National Trust says Hatfield Forest is under threat as housing development in Dunmow area continues

PUBLISHED: 09:52 24 May 2018

Hatfield Forest is home to an ancient woodland. Picture: ARCHANT

Hatfield Forest is home to an ancient woodland. Picture: ARCHANT

Archant

An application to build 20 homes in Takeley, separated “just 20 metres” from Hatfield Forest has been granted, despite the National Trust saying the number of visitors is already “unsustainable” and that further development close to the forest could damage the ancient woodland.

At the Uttlesford District Council (UDC) planning meeting on May 9, Takeley parish councillor, Geoff Bagnall said: “By approving this (application) I think you would be doing short-term, medium or long-term damage to the area and the forest.”

The approved site is also within 20 metres of the Flitch Way, a popular walking route.

A planning advisor for the National Trust, which manages the forest, said in a letter: “The potential cumulative impact of further residential development so close to Hatfield Forest has the potential to increase visitor pressure and damage to the sites of special scientific interest, national nature reserve areas and ancient woodland.

“Due to the exponential housing growth in the local area over the last 10 years the number of visitors has doubled to 500,000. Over two thirds of visitors are very local people walking onto the forest from their homes. The existing high level of visitors is impacting the forest to an unsustainable level.”

She added that visitor levels meant “habitat loss is occurring and not recovering” and that vegetation was being trampled.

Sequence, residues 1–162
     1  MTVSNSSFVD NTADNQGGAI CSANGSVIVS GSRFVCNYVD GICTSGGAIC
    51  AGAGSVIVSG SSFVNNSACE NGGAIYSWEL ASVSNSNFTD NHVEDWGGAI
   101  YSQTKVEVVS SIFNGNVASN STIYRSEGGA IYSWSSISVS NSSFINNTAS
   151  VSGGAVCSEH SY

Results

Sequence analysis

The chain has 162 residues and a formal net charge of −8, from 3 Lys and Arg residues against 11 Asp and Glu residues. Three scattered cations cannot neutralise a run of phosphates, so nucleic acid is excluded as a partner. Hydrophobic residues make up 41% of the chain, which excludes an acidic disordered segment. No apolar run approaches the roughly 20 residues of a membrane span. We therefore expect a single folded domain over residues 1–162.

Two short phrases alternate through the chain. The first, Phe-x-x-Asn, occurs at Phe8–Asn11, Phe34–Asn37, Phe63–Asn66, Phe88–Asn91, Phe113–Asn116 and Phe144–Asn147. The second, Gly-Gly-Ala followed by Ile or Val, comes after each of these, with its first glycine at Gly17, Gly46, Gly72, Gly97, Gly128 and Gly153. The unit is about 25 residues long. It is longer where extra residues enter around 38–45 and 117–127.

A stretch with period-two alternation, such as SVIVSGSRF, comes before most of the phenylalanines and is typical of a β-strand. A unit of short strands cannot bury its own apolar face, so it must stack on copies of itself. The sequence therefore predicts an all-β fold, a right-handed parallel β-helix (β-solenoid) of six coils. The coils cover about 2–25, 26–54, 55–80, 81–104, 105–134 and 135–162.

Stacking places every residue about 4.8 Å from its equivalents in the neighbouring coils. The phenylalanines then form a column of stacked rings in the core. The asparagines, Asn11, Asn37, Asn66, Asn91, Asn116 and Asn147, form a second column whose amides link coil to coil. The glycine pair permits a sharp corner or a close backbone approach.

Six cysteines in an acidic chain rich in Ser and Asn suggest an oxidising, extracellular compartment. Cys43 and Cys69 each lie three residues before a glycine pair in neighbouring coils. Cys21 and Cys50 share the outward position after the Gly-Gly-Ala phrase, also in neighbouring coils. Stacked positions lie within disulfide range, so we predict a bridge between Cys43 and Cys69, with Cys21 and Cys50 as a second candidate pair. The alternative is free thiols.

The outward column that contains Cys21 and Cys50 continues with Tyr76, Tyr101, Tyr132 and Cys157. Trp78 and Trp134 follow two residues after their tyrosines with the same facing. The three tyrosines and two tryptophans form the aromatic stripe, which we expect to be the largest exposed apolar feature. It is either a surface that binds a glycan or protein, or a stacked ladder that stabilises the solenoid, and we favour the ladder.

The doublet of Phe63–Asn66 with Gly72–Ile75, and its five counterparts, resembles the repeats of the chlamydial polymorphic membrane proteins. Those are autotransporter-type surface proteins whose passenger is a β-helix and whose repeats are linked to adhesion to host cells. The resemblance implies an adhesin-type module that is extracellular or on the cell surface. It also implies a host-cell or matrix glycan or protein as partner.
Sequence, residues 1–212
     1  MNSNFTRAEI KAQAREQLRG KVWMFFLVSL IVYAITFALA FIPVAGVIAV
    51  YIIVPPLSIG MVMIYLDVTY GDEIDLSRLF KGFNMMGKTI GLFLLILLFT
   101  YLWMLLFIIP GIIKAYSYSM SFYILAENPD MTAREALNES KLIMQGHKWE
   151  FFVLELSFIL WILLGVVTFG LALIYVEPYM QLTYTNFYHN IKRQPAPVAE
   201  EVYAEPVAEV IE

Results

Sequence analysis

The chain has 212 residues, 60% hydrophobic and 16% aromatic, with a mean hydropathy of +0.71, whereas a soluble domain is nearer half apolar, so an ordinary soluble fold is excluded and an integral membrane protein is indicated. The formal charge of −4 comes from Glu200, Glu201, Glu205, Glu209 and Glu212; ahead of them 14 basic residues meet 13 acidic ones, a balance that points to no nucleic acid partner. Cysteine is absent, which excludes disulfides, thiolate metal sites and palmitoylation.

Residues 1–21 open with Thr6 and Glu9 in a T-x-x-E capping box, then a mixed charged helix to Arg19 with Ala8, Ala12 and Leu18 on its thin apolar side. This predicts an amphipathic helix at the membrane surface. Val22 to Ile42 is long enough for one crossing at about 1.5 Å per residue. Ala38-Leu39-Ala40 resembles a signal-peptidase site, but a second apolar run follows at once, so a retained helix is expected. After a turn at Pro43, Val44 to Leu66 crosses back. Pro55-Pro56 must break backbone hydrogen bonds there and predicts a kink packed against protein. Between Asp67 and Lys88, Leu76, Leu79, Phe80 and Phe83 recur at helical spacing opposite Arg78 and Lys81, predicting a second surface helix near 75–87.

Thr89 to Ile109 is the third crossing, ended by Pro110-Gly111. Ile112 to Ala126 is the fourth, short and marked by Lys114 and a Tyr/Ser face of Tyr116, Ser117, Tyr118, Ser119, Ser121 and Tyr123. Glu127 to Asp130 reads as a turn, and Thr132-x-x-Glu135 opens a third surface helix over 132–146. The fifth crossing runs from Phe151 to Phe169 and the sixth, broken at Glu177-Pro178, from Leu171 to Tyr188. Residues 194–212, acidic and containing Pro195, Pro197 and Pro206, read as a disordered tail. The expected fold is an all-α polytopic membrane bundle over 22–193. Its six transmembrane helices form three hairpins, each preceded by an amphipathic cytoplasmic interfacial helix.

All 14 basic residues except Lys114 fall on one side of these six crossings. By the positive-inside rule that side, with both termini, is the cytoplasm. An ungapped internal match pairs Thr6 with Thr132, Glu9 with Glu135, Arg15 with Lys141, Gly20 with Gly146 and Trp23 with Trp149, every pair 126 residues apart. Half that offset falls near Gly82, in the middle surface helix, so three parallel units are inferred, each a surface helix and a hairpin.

The National Trust is progressing with strategies to lessen the impact on the forest, and requested that the allocation of any legal contributions from the developer towards these strategies is considered.

Speaking on behalf of the applicant, Karen Beech said pressure on the forest from the houses would be “low” and there would be a “wide buffer zone”, to mitigate the impact.

Cllr Alan Mills said: “I think it is a sustainable development. Sites like this are becoming more and more difficult to come by. I do not see it as a loss of a green space, I see it as a appropriate development.”

A National Trust spokesman said: “The National Trust submitted an objection to this application and was disappointed with the decision of the Council to approve this application. We have recently commissioned work to advance our understanding of the recreational impacts on Hatfield Forest of further residential development in the area and are working with Natural England and Uttlesford District Council on a strategic approach to ensure that the impacts of new development can be appropriately assessed and mitigated if necessary.”

The application was granted, subject to Section 106 obligations being met, with six councillor in favour, three against and one abstention.

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